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Simple concepts of Modern JavaScript

pachicodes profile image Pachi (she/her/ela) Updated on ・2 min read

Before I start, please note that this post is me trying to explain these concepts to myself so make sure I fully understood them and have these notes when I needed. There is much more to these concepts, but my notes will be summarized as very basic explanations.

The concepts are:
*Arrow functions,
*Template literals,
*Var, Let and Const,
*Ternary (conditional) operator,
*Shorthand object assignment and
*Spread operator.

Arrow Functions
Simply put, Arrow Functions are function wrote in a shorter form. They have this name because they use an arrow sign => instead of the word function.

//regular function
function hello() {
  console.log('Hello');
}

//arrow function
const  = () => {console.log('Hello')}

Template Literals
I have been using those for a while and had no idea what they are named. It is a new way of creating a string. I honestly am not quite sure how to explain it, so I will show:

const name = 'Ana';
const age = 32;
//regular string
console.log(name + " is " + age + " years "+ "old");

//template literal
console.log(`${name} is ${age} years old`);

The result is the same, but writing as template literal is easier, I don't have to worry about spaces and the code looks neat.

Var, Let and Const
Always use const unless you are certain you will want to reassign a value, them use let. Basically, var is dead x.x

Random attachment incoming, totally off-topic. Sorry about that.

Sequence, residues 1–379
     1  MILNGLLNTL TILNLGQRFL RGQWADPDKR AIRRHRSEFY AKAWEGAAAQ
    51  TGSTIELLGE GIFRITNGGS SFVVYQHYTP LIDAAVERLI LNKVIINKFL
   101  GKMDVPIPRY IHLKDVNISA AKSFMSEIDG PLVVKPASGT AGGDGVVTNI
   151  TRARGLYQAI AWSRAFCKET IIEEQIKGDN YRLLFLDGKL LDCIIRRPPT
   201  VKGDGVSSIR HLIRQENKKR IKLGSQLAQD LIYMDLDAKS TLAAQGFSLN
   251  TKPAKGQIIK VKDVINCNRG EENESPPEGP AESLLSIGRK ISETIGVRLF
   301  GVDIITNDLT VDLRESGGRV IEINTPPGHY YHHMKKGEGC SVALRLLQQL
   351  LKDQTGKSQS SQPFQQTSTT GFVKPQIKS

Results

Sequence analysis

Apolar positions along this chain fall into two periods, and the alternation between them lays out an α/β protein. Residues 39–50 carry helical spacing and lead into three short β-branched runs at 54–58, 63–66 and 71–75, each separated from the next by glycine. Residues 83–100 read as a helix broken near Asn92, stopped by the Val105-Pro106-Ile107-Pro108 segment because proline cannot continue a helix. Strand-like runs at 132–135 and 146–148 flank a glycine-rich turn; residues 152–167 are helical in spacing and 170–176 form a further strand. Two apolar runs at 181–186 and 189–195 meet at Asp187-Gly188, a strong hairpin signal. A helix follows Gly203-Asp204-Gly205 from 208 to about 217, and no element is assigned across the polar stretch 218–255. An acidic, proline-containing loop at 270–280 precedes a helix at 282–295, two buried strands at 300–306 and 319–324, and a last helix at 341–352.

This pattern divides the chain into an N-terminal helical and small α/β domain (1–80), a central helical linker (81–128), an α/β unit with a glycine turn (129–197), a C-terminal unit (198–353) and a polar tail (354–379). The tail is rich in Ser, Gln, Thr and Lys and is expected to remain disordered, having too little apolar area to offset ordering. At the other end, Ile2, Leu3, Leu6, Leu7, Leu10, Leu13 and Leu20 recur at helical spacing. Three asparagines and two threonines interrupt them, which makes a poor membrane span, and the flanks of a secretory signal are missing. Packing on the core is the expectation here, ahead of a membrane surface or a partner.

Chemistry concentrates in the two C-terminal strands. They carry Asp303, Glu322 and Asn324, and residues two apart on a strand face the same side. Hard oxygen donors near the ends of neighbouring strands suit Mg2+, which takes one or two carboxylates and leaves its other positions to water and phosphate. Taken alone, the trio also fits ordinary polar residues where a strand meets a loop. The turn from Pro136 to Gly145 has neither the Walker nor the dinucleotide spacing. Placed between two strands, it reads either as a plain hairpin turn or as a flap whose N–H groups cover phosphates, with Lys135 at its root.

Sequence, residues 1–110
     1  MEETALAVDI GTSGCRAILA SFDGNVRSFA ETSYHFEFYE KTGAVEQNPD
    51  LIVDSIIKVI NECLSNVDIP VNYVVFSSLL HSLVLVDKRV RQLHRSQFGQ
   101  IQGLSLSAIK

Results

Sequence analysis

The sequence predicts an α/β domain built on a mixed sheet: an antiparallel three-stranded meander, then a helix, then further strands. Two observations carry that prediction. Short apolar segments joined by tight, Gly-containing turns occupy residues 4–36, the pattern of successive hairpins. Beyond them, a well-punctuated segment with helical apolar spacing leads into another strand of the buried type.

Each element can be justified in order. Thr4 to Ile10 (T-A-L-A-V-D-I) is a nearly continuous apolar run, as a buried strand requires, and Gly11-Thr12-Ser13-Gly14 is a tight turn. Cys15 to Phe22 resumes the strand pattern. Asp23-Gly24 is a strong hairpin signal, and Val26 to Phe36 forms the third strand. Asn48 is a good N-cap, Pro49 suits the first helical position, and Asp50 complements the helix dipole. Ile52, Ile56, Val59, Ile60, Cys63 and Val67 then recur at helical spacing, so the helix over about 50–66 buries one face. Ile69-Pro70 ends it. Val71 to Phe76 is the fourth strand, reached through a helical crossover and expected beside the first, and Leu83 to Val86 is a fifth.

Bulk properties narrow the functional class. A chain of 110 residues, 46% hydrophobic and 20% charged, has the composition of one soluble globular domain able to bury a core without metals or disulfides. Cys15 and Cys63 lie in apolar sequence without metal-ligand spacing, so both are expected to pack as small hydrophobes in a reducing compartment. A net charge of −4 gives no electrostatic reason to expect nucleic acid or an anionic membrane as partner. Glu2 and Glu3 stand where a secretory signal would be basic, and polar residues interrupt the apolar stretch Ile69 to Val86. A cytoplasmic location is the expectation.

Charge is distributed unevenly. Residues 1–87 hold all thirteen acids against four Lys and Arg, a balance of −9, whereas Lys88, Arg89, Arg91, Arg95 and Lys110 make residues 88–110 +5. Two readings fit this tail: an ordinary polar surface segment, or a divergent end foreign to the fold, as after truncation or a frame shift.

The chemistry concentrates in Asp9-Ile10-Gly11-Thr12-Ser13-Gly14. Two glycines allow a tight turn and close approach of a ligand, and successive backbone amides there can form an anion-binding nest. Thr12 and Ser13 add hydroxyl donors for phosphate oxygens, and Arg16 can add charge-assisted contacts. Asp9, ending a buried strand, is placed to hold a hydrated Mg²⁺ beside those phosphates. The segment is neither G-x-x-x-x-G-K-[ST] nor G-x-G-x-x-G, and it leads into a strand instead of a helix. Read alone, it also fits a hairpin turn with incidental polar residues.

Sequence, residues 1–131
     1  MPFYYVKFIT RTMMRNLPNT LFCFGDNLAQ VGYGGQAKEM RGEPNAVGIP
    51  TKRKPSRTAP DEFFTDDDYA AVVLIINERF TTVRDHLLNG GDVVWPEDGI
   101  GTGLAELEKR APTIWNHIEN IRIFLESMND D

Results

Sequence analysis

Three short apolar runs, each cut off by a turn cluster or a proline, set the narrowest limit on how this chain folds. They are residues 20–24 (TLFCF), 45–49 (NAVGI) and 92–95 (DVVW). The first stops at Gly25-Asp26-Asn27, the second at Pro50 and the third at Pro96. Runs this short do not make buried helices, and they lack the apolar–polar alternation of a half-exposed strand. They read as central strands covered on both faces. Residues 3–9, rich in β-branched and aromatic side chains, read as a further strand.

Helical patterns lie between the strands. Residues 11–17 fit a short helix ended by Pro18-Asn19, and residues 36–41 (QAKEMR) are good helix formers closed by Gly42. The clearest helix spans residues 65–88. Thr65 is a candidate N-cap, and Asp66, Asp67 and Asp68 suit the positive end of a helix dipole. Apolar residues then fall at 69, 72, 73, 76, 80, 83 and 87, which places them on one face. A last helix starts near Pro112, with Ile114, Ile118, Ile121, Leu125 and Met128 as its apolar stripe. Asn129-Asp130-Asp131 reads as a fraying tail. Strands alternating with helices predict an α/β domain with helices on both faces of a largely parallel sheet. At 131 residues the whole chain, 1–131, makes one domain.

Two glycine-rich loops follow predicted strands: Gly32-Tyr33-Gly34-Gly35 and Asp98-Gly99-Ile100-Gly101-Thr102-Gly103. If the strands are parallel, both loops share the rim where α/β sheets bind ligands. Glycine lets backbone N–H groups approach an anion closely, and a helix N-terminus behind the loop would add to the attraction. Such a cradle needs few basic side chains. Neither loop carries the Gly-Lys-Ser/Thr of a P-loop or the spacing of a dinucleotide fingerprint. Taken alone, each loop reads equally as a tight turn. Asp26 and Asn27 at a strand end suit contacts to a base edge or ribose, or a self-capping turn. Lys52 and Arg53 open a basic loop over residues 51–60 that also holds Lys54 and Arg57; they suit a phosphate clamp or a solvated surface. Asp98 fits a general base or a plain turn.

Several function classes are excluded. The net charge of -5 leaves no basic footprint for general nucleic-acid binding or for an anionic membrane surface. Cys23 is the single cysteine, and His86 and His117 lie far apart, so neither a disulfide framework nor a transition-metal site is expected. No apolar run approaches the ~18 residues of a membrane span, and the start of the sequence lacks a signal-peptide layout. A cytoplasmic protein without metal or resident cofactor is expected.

Ternary (or conditional) Operators
Those are pretty cool, as most of the other concepts here. It is the only operator that uses 3 operands and it is often used to replace if/them.
Here is how

//Using if
var todayIsFriday = false;
if(todayIsFriday){
  console.log('It is Fri-yay')
} else{
  console.log('Not quite there yet')
}

// using Ternary Operator
var todayIsMonday = true;
console.log(todayIsMonday ? 'Yey, another week' : 'Yey, it is not Monday')

Shorthand Object Assignment
If you want to define an object whose keys have the same name as the variables passed as properties, you can use the shorthand and simply pass the key name:

//regular
const abc = {
  a:a,
  b:b,
  c:c,
};

//shorthand
const efg = { e, f, g};

Spread Operator
Last but not least, the Spread operator... Another one that is a bit tricky to explain. Basically, it takes an array or object and expands it. Tne Spread Operator syntax is ...

const obj1 = {a: 'a', b: 'b'};
const obj2 = {c: 'c', ...obj1};
console.log(obj2);

//The console will log: Object {  a: "a",  b: "b",  c: "c"}

That is all I have for today.
Maybe my little notes can help someone navigating JavaScript like myself.
I have all those pieces of code on my codepen if you would like to try practicing yourself
: https://codepen.io/collection/DLMWOM/

Happy Monday folks!

Posted on by:

pachicodes profile

Pachi (she/her/ela)

@pachicodes

Brasileira, Self-taught Web Developer 💻 , INFP 🛸 , Chaotic good 🖤 );

Discussion

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Just to clarify: the intention of arrow functions is not simply to be a shorthand for a normal function; though in practice they do often get used that way. The main intent is to solve a common scoping problem.

When you use a normal function the keyword this is set to that function's scope; but in an arrow function this is set to the parent scope. To illustrate the difference try running the following and looking at the console output: